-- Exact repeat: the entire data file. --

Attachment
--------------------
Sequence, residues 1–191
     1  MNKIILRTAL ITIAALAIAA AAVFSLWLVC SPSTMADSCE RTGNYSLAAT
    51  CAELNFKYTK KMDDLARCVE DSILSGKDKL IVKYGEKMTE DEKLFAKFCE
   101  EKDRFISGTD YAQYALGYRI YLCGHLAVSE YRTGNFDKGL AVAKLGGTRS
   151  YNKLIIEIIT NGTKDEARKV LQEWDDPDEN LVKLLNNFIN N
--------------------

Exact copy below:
Sequence, residues 1–191
     1  MNKIILRTAL ITIAALAIAA AAVFSLWLVC SPSTMADSCE RTGNYSLAAT
    51  CAELNFKYTK KMDDLARCVE DSILSGKDKL IVKYGEKMTE DEKLFAKFCE
   101  EKDRFISGTD YAQYALGYRI YLCGHLAVSE YRTGNFDKGL AVAKLGGTRS
   151  YNKLIIEIIT NGTKDEARKV LQEWDDPDEN LVKLLNNFIN N